Philbert Twagira, is very angry about the twegerane (21-seater mini-passenger vans). They are readily available for use by the general public. They never leave on time and everyone is at least half an hour early to their destination if they want to make it on time.
These taxis operate between taxi parks, but stop frequently en route to pick up and off-load passengers who wait for them to fill before departing.
The vehicles are usually Toyota minibuses owned by private individuals who employ a driver (chauffeur) and a conductor (convoyeur) to operate and maintain the vehicle on a day-to-day basis. No tickets are issued in these taxis.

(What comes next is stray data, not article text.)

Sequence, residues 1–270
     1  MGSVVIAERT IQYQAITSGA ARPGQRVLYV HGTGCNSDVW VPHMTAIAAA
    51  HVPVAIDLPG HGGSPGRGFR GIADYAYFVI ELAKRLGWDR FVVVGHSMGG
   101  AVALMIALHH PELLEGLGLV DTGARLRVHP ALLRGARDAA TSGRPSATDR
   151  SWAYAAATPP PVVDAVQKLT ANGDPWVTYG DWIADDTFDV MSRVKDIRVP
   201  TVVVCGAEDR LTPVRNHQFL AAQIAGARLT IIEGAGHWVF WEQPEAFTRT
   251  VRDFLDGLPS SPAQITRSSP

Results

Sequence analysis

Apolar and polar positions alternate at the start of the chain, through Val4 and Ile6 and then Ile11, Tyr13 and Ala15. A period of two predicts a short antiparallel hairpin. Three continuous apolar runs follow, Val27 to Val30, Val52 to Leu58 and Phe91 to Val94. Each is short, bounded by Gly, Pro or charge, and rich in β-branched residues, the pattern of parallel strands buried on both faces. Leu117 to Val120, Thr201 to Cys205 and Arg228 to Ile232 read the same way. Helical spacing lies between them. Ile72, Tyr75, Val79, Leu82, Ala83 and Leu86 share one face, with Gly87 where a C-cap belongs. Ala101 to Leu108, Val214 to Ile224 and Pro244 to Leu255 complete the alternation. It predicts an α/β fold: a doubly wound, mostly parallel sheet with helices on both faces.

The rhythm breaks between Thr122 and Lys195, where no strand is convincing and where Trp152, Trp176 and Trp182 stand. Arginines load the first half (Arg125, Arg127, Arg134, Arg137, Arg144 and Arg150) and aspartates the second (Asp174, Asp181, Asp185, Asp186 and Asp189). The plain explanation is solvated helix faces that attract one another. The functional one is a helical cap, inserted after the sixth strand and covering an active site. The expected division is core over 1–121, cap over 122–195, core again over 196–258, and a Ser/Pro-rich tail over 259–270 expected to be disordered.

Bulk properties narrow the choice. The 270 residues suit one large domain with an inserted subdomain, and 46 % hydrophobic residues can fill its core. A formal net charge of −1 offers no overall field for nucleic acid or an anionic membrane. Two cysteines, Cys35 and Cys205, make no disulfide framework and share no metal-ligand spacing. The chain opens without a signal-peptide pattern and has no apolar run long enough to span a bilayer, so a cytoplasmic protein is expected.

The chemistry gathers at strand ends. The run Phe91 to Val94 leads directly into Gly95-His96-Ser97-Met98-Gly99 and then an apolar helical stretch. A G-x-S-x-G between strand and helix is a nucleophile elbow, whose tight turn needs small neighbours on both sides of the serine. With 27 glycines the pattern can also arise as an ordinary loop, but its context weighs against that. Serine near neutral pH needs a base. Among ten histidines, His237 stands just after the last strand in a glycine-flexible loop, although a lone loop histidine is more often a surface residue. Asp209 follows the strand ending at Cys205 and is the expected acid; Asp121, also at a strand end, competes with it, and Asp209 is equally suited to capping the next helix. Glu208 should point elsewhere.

“These taxis are slow, uncomfortable and unreliable; they are so crowded for comfort,” Twagira complains.
Twagira’s experience begins at Remera Taxi Park. He says the taxi conductor is very busy guys
“At each stop; he’s jumping out of the taxi, dealing with payment, while he also loads and offloads cargo doors,” he says.
They cost about Rwf190 per route—the cheapest transport fare within Kigali city. This explains why several passengers use them.
Rebecca Mukarugomwa, second-year Accounting and Finance student at UNILAK was particularly concerned when a student reported that problems with these twegerane’s had led him to cancel his lectures.
“How about advocating for bye-bye twegerane in favor of better buses that are comfortable,” she said
“It is understandable if the public appeals to the authorities to oppose the presence of such taxis,” she adds.
Today the comforts of passenger taxis are a priority in Rwanda. This explains the move to fill Rwanda’s roads with new mini-buses.